Basil the Great, Saint

Basil the Great, Saint

(bă`zĭl, bā`–), c.330–379, Greek prelate, bishop of Caesarea in Cappadocia, Doctor of the Church and one of the Four Fathers of the Greek Church. He was a brother of St. Gregory of Nyssa. In his student days at Athens he knew Julian, later Roman emperor, and began his lifelong friendship with St. Gregory NazianzenGregory Nazianzen, Saint
, c.330–390, Cappadocian theologian, Doctor of the Church, one of the Four Fathers of the Greek Church. He is sometimes called Gregory of Nazianzus and Gregory Theologus. He studied widely in his youth and was from his student days a friend of St.
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. Converted to the religious life by his sister, St. Macrina, he withdrew (c.357) to a retreat in Pontus. There he wrote much of the Longer Rule and of the Shorter Rule; on these the life of the Basilian monksBasilian monks
, monks primarily of the Eastern Church. They follow the Rule of St. Basil the Great, which has been universal among them since the 7th cent. They have no centralized government; the rule treats proper monastic living, not organization.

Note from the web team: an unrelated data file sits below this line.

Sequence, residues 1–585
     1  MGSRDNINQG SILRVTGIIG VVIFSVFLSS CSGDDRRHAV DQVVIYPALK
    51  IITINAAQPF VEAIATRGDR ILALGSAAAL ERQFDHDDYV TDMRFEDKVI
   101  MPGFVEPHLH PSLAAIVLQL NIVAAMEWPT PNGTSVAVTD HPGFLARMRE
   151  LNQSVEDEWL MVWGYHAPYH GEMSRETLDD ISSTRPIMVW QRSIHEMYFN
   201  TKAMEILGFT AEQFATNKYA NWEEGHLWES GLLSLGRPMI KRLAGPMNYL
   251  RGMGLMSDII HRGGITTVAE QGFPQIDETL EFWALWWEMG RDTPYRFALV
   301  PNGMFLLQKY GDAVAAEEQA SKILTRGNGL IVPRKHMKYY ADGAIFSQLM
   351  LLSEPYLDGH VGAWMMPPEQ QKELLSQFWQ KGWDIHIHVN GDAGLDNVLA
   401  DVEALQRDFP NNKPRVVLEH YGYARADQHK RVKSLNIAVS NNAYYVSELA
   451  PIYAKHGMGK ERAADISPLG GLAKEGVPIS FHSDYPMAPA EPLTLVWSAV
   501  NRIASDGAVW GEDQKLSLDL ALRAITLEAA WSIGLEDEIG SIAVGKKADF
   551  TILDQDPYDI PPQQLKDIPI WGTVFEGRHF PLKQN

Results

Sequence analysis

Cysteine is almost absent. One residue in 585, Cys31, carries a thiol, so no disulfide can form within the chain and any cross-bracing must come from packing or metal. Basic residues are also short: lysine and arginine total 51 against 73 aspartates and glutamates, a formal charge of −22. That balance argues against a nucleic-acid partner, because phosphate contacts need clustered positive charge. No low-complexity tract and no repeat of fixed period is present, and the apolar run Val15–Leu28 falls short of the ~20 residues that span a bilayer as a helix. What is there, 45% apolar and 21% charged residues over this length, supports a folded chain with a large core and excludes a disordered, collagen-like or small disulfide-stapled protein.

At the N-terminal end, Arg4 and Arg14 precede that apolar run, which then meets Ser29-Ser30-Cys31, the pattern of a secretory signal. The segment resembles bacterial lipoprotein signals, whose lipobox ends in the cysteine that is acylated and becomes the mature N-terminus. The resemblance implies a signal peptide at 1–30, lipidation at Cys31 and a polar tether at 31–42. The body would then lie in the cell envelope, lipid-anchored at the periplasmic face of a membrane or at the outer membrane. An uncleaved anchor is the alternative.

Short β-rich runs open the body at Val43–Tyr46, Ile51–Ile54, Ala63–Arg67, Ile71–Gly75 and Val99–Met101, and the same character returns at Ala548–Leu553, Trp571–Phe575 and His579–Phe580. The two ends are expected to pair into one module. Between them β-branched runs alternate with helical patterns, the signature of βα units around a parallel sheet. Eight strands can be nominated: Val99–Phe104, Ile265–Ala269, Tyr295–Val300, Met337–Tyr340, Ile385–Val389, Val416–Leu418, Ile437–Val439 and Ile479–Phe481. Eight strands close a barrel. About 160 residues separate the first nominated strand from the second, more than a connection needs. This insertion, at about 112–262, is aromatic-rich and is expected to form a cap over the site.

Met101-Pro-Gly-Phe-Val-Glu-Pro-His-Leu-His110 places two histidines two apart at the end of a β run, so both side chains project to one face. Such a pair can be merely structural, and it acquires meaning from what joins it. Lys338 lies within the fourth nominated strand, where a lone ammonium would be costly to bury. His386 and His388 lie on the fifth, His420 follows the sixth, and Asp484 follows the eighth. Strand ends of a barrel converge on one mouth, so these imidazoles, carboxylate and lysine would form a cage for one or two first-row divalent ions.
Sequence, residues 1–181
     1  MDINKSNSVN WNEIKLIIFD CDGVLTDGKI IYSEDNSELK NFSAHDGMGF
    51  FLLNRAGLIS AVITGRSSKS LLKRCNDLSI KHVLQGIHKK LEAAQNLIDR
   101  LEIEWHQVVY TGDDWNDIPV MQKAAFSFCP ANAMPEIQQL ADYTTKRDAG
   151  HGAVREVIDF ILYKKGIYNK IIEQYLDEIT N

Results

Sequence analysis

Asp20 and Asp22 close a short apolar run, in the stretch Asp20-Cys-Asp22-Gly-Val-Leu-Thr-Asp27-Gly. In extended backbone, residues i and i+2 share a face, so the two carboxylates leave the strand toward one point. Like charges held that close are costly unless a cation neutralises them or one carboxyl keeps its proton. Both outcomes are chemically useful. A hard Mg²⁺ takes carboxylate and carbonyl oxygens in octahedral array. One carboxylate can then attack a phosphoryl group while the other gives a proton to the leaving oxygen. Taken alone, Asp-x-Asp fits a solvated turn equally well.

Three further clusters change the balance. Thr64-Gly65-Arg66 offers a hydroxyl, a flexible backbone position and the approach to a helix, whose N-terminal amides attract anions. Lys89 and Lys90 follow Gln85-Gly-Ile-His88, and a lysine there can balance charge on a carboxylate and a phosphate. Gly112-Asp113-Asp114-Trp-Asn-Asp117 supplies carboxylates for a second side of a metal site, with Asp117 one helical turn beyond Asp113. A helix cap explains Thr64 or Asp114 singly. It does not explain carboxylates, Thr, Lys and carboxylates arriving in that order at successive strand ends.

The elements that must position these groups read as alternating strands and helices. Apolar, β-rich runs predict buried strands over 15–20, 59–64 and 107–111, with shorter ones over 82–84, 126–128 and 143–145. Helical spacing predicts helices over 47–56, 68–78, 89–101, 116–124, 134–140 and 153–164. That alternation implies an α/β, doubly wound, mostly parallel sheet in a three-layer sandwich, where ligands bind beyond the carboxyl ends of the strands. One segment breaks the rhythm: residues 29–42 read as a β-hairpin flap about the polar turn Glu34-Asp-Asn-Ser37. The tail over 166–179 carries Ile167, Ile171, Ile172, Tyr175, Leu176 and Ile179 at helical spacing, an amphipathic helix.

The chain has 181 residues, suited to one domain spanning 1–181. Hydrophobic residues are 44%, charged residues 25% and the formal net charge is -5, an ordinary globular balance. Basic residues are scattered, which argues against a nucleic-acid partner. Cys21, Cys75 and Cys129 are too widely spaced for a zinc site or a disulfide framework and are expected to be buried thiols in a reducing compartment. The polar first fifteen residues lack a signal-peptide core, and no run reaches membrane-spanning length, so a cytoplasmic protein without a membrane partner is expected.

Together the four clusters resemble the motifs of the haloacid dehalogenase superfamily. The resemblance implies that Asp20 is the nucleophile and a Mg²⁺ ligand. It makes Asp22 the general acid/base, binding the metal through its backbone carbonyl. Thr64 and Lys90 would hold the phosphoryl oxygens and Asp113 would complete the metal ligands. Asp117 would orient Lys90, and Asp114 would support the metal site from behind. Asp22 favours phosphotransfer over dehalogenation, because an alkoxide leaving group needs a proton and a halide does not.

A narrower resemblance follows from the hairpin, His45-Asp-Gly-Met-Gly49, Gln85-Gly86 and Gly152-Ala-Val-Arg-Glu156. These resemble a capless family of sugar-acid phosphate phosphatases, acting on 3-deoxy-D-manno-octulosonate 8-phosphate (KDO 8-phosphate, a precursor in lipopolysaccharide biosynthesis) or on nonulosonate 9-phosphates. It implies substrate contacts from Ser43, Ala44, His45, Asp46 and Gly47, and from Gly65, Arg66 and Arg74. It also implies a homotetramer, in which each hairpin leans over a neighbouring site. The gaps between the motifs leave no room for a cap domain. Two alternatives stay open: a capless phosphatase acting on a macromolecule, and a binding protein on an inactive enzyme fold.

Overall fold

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 is based. Through his rules Basil was a spiritual ancestor of St. Benedict. As counselor (365) and successor (370) of Eusebius, bishop of Caesarea and head of most of the church in Asia Minor, Basil established Nicene orthodoxy over ArianismArianism
, Christian heresy founded by Arius in the 4th cent. It was one of the most widespread and divisive heresies in the history of Christianity. As a priest in Alexandria, Arius taught (c.
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 in the Byzantine East. His revision of the liturgy is occasionally used in the Byzantine rite. His works On the Holy Ghost and Against Eunomius are elegant, acute defenses of the Catholic system. In the West his feast is June 14.

Bibliography

See his letters tr. by R. J. Deferrari (4 vol., 1926–34); studies by G. L. Prestige (1956), E. Amand de Mendieta (1965), and M. G. Murphy (1971).

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